- Product and keyword specific CPC: If only a single product is advertised in a campaign, the keyword CPCs can be controlled specifically for the individual product. As soon as you add several products to a single campaign, CPCs apply simultaneously to all those products. No differentiation is possible for the performance of the keywords.
- Search Term – Product Matching: Due to the structure of Amazon’s search term reports, search terms and their performance can only be evaluated for a single product if there is 1 ASIN per campaign. This is the only way to accurately evaluate the performance of a search term for a specific product in order to make decisions based on the findings (e.g. transfer a keyword from automatic to broad).
Products with similar keywords and margins can be grouped together:
The setup can generally be used for multiple products per campaign, if the products share similar keywords (e.g. product variations). Again, there is a trade-off between effort and accuracy. A stronger separation or differentiation according to individual products means that more precision can be achieved. At the same time, the number of campaigns to be controlled (effort) increases.
When several ASINs are combined in a campaign, you should ensure that they have similar margins or similar target values for the ACoS. Otherwise, the ACoS of the campaign or individual keywords cannot be used to reliably indicate profitability.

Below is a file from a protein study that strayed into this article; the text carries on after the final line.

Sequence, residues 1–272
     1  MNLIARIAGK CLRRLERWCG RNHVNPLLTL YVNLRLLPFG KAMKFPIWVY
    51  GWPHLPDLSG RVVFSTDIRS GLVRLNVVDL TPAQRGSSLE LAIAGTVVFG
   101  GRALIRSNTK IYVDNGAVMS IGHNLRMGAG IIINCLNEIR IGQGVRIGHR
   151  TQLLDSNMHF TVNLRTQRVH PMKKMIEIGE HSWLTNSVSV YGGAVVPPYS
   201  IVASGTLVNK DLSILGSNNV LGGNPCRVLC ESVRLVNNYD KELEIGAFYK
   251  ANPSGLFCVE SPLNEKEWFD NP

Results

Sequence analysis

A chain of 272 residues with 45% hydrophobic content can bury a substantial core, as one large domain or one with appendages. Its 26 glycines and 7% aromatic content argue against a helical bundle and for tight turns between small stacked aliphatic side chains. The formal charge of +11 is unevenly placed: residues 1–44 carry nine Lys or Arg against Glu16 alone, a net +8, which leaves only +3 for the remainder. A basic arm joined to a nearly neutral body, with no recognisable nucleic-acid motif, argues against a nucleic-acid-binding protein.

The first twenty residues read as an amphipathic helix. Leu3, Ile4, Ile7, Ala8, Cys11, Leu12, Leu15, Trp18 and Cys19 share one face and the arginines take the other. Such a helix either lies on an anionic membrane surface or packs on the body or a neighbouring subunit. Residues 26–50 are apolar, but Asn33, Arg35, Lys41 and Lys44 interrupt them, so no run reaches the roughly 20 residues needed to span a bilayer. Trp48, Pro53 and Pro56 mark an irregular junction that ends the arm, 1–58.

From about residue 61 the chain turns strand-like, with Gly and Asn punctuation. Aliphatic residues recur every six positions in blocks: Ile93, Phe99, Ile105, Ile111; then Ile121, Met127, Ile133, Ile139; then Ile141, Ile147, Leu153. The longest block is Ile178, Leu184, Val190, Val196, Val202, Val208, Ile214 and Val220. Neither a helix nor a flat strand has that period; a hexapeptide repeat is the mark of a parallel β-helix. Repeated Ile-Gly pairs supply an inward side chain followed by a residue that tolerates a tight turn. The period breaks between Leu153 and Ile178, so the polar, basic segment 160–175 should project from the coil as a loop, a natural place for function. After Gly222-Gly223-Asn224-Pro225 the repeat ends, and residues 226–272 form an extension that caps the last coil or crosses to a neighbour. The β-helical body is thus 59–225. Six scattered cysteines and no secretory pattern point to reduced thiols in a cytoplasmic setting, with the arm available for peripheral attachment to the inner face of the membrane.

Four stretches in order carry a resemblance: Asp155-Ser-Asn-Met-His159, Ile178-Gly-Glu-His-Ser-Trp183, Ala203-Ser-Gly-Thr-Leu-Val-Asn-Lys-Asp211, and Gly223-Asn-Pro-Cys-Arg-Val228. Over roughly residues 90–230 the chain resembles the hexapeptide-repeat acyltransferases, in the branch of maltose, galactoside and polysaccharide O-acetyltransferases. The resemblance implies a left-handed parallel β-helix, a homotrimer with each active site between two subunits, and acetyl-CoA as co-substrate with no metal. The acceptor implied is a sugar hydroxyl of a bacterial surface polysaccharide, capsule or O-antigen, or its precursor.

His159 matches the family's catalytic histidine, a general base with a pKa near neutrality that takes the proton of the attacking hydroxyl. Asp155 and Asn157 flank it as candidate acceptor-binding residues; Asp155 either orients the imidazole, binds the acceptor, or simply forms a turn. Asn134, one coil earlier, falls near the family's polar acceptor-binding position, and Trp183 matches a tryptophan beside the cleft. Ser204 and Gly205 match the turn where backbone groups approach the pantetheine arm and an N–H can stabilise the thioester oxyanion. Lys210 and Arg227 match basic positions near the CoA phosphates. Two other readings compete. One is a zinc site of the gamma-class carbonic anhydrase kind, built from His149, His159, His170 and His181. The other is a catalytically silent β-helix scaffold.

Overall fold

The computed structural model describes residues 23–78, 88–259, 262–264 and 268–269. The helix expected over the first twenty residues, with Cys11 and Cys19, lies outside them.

Why is the Phrase Match Type not used?
Our structure uses only the match types Broad and Exact. We recommend to skip the Match Type Phrase because it does not offer a significant advantage, but instead leads to more effort. Here is the logic:
- The Broad Match Type covers all the word variations found in Phrase, not just in the same order, but in any order.
- Order also doesn’t significantly affect the meaning or relevance of the search term.
- For keywords with only one word, there is no difference between Broad and Phrase.
As a result, Broad covers more search terms per keyword than Phrase. The Match Type Phrase does not offer a decisive advantage and is therefore omitted in order to save additional effort.
Use of Negative Keywords to Control Traffic
In this structure, negative keywords are not only used to exclude irrelevant search terms but also to control the distribution of traffic between campaigns.
It is possible within our structure that the same search term is covered both by the automatic campaign and by a keyword in the Exact or Broad campaign. You can use negative keywords to prevent impressions and clicks from being split between the various campaigns. This ensures that the division of tasks between the campaigns is clearly separated:
- Traffic control between Broad and Automatic: If a keyword is added in the Broad campaign, matching keywords should no longer generate impressions in the Automatic campaign. For this reason, a keyword added to the Broad campaign is simultaneously added as a negative phrase in the Automatic campaign.